- A former Enterprise employee has sued the company on behalf of herself and "approximately hundreds" of similarly situated former employees, alleging it failed to provide advance notice of layoffs as required by the Worker Adjustment and Retraining Notification (WARN) Act (Benson v. Enterprise Holdings Inc., No. 6:20-cv-00891 (M.D. Fla. May 27, 2020).
- Elva Benson, the lead plaintiff in the suit, claimed that Enterprise terminated her and the other putative class members without cause and without advance written notice around April 27. Benson said she was furloughed in March due to COVID-19, "meaning Defendants knew its business was suffering and, thus, knew a mass layoff was coming."
- Enterprise did not respond to an HR Dive request for comment.
Enterprise isn't the first employer to face a class action lawsuit of this nature during the pandemic. In April, two former employees of restaurant chain Hooters alleged that the company enacted a mass layoff without notice on March 25. A statement by Hooters said the company and its franchisees "had no alternative" but to reduce its workforce due to COVID-19’s impact. That suit remains unresolved.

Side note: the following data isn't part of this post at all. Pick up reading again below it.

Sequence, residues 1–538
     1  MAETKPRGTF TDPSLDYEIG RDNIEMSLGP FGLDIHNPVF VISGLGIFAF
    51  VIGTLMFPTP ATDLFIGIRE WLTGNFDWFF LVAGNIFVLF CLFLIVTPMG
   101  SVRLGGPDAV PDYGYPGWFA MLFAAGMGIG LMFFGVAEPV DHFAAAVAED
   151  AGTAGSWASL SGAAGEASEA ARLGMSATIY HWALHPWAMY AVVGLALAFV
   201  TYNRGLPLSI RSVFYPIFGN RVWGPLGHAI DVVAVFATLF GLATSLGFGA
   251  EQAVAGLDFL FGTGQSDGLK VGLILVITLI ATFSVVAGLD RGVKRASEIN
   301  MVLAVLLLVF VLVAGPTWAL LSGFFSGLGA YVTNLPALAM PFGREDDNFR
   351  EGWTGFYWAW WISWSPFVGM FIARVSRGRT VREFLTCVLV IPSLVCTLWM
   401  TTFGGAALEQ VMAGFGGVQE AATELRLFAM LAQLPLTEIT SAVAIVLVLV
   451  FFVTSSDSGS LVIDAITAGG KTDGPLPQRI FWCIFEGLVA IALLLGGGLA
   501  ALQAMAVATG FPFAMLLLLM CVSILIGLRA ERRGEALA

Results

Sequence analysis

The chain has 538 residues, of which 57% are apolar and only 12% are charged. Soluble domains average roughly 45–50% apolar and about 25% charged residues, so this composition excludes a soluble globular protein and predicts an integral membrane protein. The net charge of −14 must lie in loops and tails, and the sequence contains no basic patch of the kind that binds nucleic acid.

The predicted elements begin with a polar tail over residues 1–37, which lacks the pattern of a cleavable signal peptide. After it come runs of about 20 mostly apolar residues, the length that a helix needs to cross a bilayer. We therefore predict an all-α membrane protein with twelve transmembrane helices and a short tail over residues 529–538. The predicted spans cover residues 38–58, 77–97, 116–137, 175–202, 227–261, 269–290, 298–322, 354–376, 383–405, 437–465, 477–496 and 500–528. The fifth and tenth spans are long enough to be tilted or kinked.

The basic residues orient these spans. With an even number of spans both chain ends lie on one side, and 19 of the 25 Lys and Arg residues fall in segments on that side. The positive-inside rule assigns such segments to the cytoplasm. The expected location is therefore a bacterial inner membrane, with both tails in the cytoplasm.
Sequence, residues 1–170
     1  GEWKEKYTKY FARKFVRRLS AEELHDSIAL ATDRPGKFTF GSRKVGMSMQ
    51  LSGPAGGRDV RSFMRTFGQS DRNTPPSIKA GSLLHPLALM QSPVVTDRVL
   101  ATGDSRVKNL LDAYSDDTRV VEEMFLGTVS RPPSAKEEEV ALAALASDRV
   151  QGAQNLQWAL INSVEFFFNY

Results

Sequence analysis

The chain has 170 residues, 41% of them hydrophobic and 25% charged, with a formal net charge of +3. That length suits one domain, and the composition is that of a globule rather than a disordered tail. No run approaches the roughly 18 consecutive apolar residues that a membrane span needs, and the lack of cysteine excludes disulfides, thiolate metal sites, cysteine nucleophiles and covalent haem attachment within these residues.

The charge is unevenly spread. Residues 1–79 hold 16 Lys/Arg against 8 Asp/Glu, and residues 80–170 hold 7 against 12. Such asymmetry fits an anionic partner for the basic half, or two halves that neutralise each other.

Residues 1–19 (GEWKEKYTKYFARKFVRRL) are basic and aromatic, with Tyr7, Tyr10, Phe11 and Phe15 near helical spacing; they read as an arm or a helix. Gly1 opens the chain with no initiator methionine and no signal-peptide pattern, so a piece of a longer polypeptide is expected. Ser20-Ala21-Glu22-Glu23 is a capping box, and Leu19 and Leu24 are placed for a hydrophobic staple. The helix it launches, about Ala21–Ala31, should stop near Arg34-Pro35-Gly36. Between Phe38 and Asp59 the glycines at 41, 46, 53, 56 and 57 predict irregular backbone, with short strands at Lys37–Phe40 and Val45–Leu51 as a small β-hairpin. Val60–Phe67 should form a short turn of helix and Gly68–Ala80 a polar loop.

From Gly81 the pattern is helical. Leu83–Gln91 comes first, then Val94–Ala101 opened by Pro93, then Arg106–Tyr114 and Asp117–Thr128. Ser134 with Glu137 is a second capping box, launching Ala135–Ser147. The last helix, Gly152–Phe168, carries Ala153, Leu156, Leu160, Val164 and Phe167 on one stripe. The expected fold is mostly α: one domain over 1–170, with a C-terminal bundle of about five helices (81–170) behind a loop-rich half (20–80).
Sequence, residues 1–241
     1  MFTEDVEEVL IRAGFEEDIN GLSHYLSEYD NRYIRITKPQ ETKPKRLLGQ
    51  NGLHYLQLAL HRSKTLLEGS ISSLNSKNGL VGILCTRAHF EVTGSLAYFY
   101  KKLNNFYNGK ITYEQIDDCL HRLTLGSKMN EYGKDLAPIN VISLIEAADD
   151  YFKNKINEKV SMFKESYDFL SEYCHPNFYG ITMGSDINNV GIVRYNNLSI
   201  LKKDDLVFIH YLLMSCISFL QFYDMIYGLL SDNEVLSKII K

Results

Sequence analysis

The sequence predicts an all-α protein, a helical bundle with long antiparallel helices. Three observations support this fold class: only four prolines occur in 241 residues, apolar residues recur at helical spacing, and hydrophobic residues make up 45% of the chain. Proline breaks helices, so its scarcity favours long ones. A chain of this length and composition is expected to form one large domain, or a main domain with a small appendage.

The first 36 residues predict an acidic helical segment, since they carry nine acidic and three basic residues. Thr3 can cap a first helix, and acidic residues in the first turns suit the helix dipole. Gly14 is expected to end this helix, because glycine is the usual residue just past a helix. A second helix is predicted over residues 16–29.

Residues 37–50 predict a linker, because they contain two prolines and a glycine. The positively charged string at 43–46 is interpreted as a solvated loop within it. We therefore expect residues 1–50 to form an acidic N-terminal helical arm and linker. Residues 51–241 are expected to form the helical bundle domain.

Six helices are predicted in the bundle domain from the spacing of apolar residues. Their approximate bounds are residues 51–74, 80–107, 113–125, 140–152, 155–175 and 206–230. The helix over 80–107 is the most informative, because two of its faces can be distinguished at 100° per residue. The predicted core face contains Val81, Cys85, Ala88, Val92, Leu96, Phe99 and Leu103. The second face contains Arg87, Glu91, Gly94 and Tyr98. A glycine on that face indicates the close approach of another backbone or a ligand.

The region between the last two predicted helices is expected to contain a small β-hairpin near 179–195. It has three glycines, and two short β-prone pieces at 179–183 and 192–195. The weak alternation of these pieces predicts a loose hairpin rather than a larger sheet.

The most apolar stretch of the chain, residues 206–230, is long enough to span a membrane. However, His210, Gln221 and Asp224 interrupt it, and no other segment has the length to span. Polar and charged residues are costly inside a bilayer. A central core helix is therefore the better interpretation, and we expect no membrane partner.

The pandemic has led to layoffs, furloughs and other labor reductions at many U.S. firms, and this reality is reflected in market data. In its Job Openings and Labor Turnover Survey for March, released mid-May, the U.S. Bureau of Labor Statistics found that the rate of nonfarm layoffs and discharges increased to 7.5%, a series high. In April, this rate decreased to 5.9%, BLS said in a June 9 update.
But whenever employers decide to furlough or lay off employees, they must pay attention to any applicable WARN Act obligations, employment law experts previously told HR Dive. A U.S. Department of Labor guidance document outlines the scenarios that trigger WARN.
State and local governments may have additional notice requirements, and some have made edits to these rules in recent months. New Jersey, for example, in January became the first state to require increased notice time, as well as severance pay, for certain plant closures, transfers and mass layoffs. However, after the pandemic's onset, the state amended the law to exclude any layoff resulting from national emergencies, among other scenarios, from its definition of "mass layoff."
Similarly, in California, Gov. Gavin Newsome suspended the usual notice requirements of the state's Cal-WARN Act through the end of the state of emergency he declared as a result of COVID-19.